Saturday, May 12, 2018

The Other Passenger, by John Keir Cross


9781943910977
Valancourt Books, 2017
originally published 1944
261 pp

hardcover

"We go, you see; and with us goes always Another Passenger. He is beside us in every deepest action and speaks through us in every fateful announcement. There is no escaping him or his influence. His voice whispers suddenly in the night, his presence intangibly lingers at our shoulder when we feel ourselves most alone...  We go; and he -- the Other Passenger -- is always at our side."


In the introduction to The Other Passenger, writer and blogger J.F. Norris from Pretty Sinister Books (which has been responsible many times over for titles added to my out-of-control tbr pile) says that
"John Keir Cross is a master at capturing and evoking the indescribable, of exposing the forbidden desires and the criminal impulses, of showing us the people who fall in love with the macabre.  The Other Passenger will take you on whirlwind tour from dizzying heights of delirium and whimsy to the chasms where lie tortured souls forever lost."
 I couldn't agree more.  It is one of those rare books which from the very beginning pushed me to an edge where I don't normally find myself while reading and then kept me there until it was all over.  I knew this book and I were meant for each other after reading the first story, "The Glass Eye," which for a while there gave me an eerie sense of déjà vu before I remembered I'd seen it played out on TV somewhere -- a quick bit of research and I discovered that it was an episode of Alfred Hitchcock Presents. I pulled out my  DVD of Season 3 and  watched it again, and yes, there's Jessica Tandy as Julia, at the theater to catch Max Collodi's show.  Back to the book for another read and from


from Shatner's Toupee

that point on, I knew I was in good hands so I just surrendered and let John Keir Cross take me where ever he was going to go.

Since J.F. Norris has completely captured the essence of this book in the paragraph I quoted above, there's really not much left to say here, except that each and every story has some sort of gut punch, sometimes quiet, sometimes full force.  While every story in this book is beyond excellent, my favorite is "Miss Thing and the Surrealist."  Like many of the other tales in this collection, the true horror in that one sneaks up on you only at the end as you brace yourself from the start, knowing that something's going to happen, but you just don't know what that something's going to be.  You might think you know, but then everything changes in an instant.  The stories here all feature some sort of  tragic figure, adding a touch of poignancy to their situations,  but then things begin to turn toward the horrific as you come to realize the sense of doom that engulfs them.  It's like Cross has looked into a variety of human souls and has brought forth the darkest or most tragic among them. The eerieness of this book is so finely crafted that, as I said earlier, it will keep you on the edge and on edge until that final page has been turned.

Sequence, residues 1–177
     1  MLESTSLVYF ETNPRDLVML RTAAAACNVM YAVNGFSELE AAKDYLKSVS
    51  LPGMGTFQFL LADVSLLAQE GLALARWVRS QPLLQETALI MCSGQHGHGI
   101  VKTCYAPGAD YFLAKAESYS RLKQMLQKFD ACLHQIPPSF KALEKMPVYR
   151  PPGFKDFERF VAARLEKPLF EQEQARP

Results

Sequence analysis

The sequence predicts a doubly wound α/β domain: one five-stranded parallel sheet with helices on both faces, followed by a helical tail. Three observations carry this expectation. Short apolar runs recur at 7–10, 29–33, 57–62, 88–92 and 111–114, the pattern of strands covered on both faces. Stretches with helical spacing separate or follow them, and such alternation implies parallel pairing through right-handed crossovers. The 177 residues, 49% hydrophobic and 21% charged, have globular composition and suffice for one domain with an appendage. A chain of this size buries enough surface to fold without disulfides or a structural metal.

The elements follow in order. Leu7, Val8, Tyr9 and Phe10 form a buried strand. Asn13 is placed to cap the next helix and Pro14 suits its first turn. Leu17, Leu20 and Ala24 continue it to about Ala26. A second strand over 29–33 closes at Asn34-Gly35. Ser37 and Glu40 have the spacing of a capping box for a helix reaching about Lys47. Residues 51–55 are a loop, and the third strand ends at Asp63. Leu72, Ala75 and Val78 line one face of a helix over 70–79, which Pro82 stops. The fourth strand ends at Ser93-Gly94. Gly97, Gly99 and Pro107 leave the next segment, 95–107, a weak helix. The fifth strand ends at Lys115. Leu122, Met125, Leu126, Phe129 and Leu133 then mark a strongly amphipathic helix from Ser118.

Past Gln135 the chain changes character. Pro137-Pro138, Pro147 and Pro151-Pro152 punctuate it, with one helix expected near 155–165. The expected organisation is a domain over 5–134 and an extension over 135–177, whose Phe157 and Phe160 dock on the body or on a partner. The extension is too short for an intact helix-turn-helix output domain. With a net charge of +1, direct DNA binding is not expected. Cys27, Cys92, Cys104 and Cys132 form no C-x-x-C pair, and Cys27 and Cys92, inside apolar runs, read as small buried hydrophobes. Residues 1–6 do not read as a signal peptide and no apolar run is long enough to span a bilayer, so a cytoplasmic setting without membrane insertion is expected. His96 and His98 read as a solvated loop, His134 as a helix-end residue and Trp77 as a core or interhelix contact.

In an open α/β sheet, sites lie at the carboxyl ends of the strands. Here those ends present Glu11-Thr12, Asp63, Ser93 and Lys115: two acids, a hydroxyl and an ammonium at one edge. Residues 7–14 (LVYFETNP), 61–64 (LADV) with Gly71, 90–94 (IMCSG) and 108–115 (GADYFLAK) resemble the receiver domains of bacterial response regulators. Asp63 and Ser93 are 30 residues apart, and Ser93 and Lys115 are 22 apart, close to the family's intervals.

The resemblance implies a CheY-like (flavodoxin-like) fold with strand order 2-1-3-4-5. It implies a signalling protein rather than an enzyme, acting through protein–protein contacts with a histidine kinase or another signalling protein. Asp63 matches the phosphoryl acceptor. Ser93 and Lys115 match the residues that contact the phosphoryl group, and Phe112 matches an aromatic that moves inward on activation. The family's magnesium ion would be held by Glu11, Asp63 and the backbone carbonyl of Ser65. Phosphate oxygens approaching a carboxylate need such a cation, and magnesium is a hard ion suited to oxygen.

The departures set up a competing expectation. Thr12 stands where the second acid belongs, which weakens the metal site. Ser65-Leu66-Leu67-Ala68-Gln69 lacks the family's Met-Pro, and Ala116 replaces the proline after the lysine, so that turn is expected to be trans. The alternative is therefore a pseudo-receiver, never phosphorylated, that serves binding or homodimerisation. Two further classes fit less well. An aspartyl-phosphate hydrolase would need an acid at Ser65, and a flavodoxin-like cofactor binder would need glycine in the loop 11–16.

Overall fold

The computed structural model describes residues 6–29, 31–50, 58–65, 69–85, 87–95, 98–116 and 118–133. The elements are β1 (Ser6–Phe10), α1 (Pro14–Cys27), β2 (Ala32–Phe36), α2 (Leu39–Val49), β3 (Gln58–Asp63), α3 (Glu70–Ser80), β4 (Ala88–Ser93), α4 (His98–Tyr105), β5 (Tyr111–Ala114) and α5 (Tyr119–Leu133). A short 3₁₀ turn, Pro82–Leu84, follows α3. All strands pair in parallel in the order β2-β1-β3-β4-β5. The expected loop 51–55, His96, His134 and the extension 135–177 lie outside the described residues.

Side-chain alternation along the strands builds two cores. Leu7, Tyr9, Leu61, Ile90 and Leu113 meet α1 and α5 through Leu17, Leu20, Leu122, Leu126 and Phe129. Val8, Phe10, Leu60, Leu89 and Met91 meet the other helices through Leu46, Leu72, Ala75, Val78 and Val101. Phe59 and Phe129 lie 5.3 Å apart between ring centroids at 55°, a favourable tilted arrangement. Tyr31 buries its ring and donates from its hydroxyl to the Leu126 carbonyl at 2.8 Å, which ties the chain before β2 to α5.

Once again, my thanks to Valancourt for bringing this book back into print.









Monday, May 7, 2018

back to the present with The Garden of Blue Roses, by Michael Barsa

9781630230616
Underland Press, 2018
226 pp

paperback


"...he was both a fiction and real somehow." 

It took me some time to readjust to the real world after reading this book, which threw me completely off kilter during my time in the head of the main character, not always a comfortable place to be.  There are a number of unsettling things about this story, not so much because of what happens here, but rather because it left me somewhat disoriented throughout, trying to discern what exactly was real and what was not. In a mind that's filled with fragments of memory, strange dreams and living in a house filled with shadows and "strange echoes," it can get tricky sometimes. To his great credit, the author immerses us in atmosphere from page one and doesn't let up, ratcheting up the tension until it actually becomes a relief to finally make it to the end and breathe again.

 Briefly, because this is yet again another novel that needs to be experienced,  Milo Crane and his older sister Klara live together in the family home after the death of their parents in a car accident.  It is a quiet life for both of them, and Milo wouldn't have it any other way.  Given his dysfunctional childhood and his failed attempt at college, home suits him just fine. As we're told, thanks to their parents, neither Milo nor Klara were "suited for the modern world," so they share the house, Milo busy  constructing models while imagining himself as part of the world his figures inhabited. Life changes though when Klara decides to make big changes in the landscaping and brings in Henri Blanc, the gardener who will be doing the work.  Is it, as he wonders, only Milo's imagination that makes him so "wary" of this man?  Or is there something more at play here?  The dilemma here is that we're not quite certain what's real and what is a fiction.  Fictions, according to Milo's father, live "in the mind. Of the reader," and Milo has come to the point where he needs to, as he says,